By John Young
Updated January 28, 2011 at 07:42 PM EST
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Image Credit: Matt RoeBefore its Wednesday night premiere at the Eccles Theatre, I Melt with You costar Rob Lowe offered me this prediction: “If we did [the movie] right, a percentage of the audience will walk out.” That were certainly the case during the packed screening, although it’s hard to gauge the magnitude of the walkouts. The Eccles holds 1,270 people, and from the corner where I was sitting, I saw 20 or so people head for the exit. (The press-and-industry screening, held earlier in the week, reportedly prompted nearly 50 walkouts). EW critic Owen Gleiberman already offered his scathing review of the film, and I’m pretty much in agreement.

The movie is about four 40-something guys who head to Big Sur, Calif., for a week of reliving the good ol’ college days, which essentially means consuming every kind of drug known to man. But then something goes terribly wrong, igniting a chain reaction of decisions that made the young woman sitting next to me shield her eyes every 20 minutes. It’s a torturous movie to get through, but clearly a divisive one, too. Many of the audience members who participated in the post-show Q&A professed their love for the film (one man positively equated the movie with being on a bender), and on my way out, I chatted with another guy who thought the picture was commendably brave.

Brave is an appropriate adjective for I Melt with You, and while visiting EW’s Sundance Photo Studio, director Mark Pellington (Arlington Road) and costars Lowe, Jeremy Piven, and Thomas Jane made it clear that they knew the project was a tremendous risk. “We all have opportunities every day to do a bunch of safe stuff,” said Lowe, “and this whole exercise was to be in something that was not safe.”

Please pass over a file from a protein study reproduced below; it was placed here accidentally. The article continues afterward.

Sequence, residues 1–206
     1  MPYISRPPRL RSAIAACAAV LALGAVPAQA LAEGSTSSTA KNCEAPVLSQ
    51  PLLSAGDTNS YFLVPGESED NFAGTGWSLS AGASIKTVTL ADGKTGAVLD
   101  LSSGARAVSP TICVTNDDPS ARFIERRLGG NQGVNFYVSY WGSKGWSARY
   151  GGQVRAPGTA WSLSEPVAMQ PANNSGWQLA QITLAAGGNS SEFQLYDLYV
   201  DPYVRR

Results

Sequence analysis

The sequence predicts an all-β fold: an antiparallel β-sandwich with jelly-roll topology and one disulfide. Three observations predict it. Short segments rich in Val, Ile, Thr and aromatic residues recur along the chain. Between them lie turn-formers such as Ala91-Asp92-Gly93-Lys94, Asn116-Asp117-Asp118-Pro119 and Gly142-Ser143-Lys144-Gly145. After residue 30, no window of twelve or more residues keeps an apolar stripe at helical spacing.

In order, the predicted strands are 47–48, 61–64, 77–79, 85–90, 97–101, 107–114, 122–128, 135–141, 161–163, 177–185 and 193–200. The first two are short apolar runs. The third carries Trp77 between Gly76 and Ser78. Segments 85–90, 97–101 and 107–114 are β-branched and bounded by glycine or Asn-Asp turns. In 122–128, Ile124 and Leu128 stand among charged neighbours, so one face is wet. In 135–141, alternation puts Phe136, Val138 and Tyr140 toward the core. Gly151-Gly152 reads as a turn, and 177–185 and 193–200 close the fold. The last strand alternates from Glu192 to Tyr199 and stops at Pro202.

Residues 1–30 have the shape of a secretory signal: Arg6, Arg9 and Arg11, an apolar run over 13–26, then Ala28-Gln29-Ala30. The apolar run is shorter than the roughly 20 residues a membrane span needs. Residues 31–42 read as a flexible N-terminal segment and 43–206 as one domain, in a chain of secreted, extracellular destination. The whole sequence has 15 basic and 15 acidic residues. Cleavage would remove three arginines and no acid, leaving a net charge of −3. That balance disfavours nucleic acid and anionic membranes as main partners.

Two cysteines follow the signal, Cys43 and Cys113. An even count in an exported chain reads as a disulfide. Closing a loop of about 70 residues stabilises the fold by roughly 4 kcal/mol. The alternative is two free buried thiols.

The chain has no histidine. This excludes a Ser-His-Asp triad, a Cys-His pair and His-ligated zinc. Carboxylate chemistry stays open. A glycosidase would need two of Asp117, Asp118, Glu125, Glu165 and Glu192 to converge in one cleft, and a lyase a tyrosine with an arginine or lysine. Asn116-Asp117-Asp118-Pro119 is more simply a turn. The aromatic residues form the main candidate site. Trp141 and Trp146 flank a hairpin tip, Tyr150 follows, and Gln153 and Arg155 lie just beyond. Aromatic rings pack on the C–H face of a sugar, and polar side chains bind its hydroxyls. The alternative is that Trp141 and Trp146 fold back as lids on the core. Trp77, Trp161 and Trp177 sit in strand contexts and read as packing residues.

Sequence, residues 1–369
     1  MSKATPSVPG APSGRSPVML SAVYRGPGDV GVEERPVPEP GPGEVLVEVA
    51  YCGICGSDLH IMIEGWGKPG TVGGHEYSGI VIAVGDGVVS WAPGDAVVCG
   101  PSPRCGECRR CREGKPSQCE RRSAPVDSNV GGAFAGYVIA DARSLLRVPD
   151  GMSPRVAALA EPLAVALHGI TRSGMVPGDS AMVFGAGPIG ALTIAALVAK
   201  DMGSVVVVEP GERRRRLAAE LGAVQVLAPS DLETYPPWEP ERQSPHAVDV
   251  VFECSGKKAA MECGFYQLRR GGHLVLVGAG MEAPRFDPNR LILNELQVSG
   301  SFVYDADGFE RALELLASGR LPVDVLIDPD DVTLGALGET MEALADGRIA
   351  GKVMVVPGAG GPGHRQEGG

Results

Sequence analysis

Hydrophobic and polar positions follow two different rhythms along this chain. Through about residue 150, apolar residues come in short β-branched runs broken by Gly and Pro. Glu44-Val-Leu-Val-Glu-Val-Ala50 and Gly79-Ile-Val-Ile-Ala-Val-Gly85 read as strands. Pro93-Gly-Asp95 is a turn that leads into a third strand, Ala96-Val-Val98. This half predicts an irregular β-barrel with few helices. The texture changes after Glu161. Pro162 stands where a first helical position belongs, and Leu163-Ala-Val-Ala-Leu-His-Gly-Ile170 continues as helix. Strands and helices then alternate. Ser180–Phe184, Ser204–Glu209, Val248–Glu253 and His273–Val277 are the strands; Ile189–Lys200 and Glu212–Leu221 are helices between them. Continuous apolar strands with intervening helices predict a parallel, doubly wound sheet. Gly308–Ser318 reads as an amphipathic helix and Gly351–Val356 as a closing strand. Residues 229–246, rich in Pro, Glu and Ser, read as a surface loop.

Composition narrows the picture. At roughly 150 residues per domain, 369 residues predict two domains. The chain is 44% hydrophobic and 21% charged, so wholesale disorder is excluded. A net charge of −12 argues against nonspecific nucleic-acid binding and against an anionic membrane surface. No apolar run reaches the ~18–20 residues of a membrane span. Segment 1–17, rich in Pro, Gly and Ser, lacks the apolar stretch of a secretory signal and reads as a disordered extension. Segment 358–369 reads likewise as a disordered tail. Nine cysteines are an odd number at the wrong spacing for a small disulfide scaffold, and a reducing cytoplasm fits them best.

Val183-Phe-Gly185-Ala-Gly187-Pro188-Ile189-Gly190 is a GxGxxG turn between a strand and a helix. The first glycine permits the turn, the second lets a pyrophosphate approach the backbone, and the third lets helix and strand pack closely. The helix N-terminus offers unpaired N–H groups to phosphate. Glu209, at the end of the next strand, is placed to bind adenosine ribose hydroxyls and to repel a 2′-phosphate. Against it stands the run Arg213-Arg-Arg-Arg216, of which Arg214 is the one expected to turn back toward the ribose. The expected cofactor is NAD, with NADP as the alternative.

Pellington shot the film on-the-fly (and in chronological order) in only 18 days and for less than $1 million. Jane, for one, reveled in the opportunity to experiment and improvise during the unorthodox shoot. “The camera just followed us around,” said Jane. “We felt like we could try out stuff, and Mark would keep rolling [the camera].” The cast (including Christian McKay, who plays the fourth, and most reflective, guy in the group) also went in knowing that the project would test them as actors. “It was a complete emotional root canal,” confessed Piven. “But we all committed completely to it and went to that very dark place.”

Whether audiences will want to venture to that dark place with these guys is yet to be seen. (Magnolia Pictures acquired the U.S. theatrical rights to the film). But I will say that, unlike many other films here at Sundance, you’re likely never to forget I Melt with You. “It’s not pretty at all, and it may make you a little bit uncomfortable,” said Piven, “but I’m not going to apologize.” (Although, during the post-screening Q&A, Piven did apologize to his mother, who was sitting in the audience and apparently hadn’t been properly warned about this sledgehammer of a film).

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